New English Translation
Satan’s Additional Charge
2 Again the day came when the sons of God came to present themselves before the Lord, and Satan also arrived among them to present himself before the Lord.[a] 2 And the Lord said to Satan, “Where have you come from?” Satan answered the Lord,[b] “From roving about on the earth, and from walking back and forth across it.”[c] 3 Then the Lord said to Satan, “Have you considered my servant Job? For there is no one like him on the earth, a pure and upright man, one who fears God and turns away from evil. And he still holds firmly[d] to his integrity,[e] so that[f] you stirred me up to destroy him[g] without reason.”[h]Read full chapter
- Job 2:1 tc This last purpose clause has been omitted in some Greek versions.
- Job 2:2 tn Heb “answered the Lord and said” (also in v. 4). The words “and said” here and in v. 9 have not been included in the translation for stylistic reasons.
- Job 2:2 tn See the note on this phrase in 1:7.
- Job 2:3 tn The form is the Hiphil participle, “make strong, seize, hold fast.” It is the verbal use here; joined with עֹדֶנּוּ (ʿodennu, “yet he”) it emphasizes that “he still holds firmly.” The testing has simply strengthened Job in his integrity.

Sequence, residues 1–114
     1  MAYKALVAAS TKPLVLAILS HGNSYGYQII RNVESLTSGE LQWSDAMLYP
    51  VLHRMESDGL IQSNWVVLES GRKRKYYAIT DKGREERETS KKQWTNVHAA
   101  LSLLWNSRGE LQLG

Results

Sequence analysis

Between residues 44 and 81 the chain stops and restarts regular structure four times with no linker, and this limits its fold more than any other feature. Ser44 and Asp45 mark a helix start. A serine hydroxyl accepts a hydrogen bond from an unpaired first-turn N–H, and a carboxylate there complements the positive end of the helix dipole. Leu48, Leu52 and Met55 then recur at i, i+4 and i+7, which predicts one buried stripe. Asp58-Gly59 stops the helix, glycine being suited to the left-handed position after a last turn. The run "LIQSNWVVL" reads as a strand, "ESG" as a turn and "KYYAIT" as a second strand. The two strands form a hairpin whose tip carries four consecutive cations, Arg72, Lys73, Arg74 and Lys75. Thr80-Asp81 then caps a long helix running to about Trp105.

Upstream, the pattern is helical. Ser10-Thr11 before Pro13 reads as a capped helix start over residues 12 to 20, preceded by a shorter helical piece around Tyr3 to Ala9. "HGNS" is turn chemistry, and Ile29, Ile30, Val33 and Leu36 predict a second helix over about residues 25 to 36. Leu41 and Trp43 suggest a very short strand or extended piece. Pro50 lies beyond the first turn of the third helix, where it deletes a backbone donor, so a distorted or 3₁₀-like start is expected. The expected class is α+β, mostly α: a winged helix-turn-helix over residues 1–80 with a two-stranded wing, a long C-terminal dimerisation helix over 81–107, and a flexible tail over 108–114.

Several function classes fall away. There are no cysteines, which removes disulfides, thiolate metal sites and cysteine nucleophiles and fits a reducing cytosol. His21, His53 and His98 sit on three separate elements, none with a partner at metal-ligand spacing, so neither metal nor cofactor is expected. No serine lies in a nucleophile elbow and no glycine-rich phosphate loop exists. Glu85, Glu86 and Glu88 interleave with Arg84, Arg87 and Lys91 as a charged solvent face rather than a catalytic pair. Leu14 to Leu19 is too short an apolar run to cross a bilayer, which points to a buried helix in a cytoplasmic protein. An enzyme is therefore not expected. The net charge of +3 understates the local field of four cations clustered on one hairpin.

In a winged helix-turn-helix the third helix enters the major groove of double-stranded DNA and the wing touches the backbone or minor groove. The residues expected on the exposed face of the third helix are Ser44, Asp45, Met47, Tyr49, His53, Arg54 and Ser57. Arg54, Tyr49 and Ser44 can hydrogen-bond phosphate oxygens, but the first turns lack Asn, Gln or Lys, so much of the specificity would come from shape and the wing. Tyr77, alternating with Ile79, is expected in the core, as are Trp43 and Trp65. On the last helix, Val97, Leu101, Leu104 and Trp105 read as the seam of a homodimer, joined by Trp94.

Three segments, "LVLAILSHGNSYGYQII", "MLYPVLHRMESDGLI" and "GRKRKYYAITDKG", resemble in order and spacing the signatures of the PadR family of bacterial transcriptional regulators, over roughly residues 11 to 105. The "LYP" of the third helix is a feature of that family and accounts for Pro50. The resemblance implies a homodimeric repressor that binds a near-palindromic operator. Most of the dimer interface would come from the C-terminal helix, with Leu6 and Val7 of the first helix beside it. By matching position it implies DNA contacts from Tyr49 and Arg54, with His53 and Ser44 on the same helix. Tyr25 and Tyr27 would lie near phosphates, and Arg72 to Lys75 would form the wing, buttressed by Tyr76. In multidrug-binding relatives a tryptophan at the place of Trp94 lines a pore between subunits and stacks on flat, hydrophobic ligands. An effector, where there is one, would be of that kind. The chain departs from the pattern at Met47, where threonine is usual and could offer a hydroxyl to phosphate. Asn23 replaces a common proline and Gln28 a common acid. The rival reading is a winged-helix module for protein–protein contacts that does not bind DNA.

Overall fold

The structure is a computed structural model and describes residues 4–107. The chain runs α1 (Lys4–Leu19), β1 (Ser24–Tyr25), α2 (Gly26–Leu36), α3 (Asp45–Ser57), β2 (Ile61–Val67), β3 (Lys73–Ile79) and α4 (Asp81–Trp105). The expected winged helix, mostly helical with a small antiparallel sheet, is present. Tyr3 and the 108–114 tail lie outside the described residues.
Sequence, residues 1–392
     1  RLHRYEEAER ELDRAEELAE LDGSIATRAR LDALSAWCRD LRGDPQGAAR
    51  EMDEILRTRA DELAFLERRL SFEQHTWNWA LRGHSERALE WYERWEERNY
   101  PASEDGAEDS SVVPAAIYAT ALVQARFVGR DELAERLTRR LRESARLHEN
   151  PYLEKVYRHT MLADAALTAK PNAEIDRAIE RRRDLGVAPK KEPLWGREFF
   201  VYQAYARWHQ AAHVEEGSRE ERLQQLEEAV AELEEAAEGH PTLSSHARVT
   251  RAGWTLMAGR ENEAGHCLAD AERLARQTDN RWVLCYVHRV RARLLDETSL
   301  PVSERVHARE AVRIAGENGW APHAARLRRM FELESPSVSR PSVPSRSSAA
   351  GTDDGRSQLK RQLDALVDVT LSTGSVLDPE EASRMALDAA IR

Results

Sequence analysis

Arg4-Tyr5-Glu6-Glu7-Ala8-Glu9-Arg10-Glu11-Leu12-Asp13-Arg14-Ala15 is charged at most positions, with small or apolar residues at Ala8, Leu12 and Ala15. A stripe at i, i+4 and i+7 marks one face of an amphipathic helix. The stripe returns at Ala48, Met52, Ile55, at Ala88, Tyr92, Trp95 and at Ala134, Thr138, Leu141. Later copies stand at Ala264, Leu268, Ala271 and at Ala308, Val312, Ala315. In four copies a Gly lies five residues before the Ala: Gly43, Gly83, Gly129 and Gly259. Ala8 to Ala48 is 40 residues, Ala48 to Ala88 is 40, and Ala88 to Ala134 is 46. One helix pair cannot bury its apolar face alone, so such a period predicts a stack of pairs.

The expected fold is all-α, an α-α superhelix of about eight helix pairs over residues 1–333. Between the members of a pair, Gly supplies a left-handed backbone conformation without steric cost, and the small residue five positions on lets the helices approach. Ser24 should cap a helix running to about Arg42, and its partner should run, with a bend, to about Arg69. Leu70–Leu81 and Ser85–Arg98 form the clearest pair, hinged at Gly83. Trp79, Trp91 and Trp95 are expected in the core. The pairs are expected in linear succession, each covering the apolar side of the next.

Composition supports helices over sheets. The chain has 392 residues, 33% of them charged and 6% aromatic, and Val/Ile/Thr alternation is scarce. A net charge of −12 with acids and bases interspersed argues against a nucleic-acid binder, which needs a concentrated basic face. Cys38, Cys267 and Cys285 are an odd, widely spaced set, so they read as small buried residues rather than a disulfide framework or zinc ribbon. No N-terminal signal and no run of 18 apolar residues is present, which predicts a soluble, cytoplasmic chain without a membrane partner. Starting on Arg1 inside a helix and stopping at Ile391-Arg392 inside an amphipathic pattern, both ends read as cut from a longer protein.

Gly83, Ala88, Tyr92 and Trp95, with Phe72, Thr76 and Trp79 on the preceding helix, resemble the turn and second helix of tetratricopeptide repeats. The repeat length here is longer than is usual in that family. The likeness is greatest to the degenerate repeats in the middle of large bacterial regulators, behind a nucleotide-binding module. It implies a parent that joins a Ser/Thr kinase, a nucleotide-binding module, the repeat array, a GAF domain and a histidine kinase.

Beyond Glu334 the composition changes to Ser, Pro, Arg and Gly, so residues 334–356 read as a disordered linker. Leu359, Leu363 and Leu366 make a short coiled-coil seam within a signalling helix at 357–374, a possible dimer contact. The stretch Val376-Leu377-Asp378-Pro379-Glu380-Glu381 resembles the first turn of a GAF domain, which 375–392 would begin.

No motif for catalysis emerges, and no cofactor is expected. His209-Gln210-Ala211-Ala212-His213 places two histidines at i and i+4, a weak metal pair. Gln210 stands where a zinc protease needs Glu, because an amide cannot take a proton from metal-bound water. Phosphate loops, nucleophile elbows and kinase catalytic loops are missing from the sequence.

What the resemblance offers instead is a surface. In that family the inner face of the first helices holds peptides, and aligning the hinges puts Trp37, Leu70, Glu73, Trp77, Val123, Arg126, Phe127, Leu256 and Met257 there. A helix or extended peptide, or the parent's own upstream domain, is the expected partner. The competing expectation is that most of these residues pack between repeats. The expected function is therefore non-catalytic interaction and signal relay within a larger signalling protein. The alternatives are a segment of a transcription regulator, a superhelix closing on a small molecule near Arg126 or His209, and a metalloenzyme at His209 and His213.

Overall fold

- Job 2:3 tn This is the same word used to describe Job as “blameless, pure.” Here it carries the idea of “integrity”; Job remained blameless, perfect.
- Job 2:3 tn The vav (ו) with the preterite is used here to express the logical conclusion or consequence of what was stated previously. God is saying that Job has maintained his integrity, so that now it is clear that Satan moved against him groundlessly (GKC 328 §111.l).
- Job 2:3 tn The verb literally means “to swallow”; it forms an implied comparison in the line, indicating the desire of Satan to ruin him completely. See A Guillaume, “A Note on the Root bala`,” JTS 13 (1962): 320-23; and N. M. Sarna, “Epic Substratum in the Prose of Job,”JBL 76 (1957): 13-25, for a discussion of the Ugaritic deity Mot swallowing up the enemy.
- Job 2:3 sn Once again the adverb חִנָּם (khinnam, “gratis”) is used. It means “graciously, gratis, free, without cause, for no reason.” Here the sense has to be gratuitously, for no reason.” The point of the verb חָנַן (khanan, “to be gracious”) and its derivatives is that the action is undeserved. In fact, they would deserve the opposite. Sinners seeking grace deserve punishment. Here, Job deserves reward, not suffering.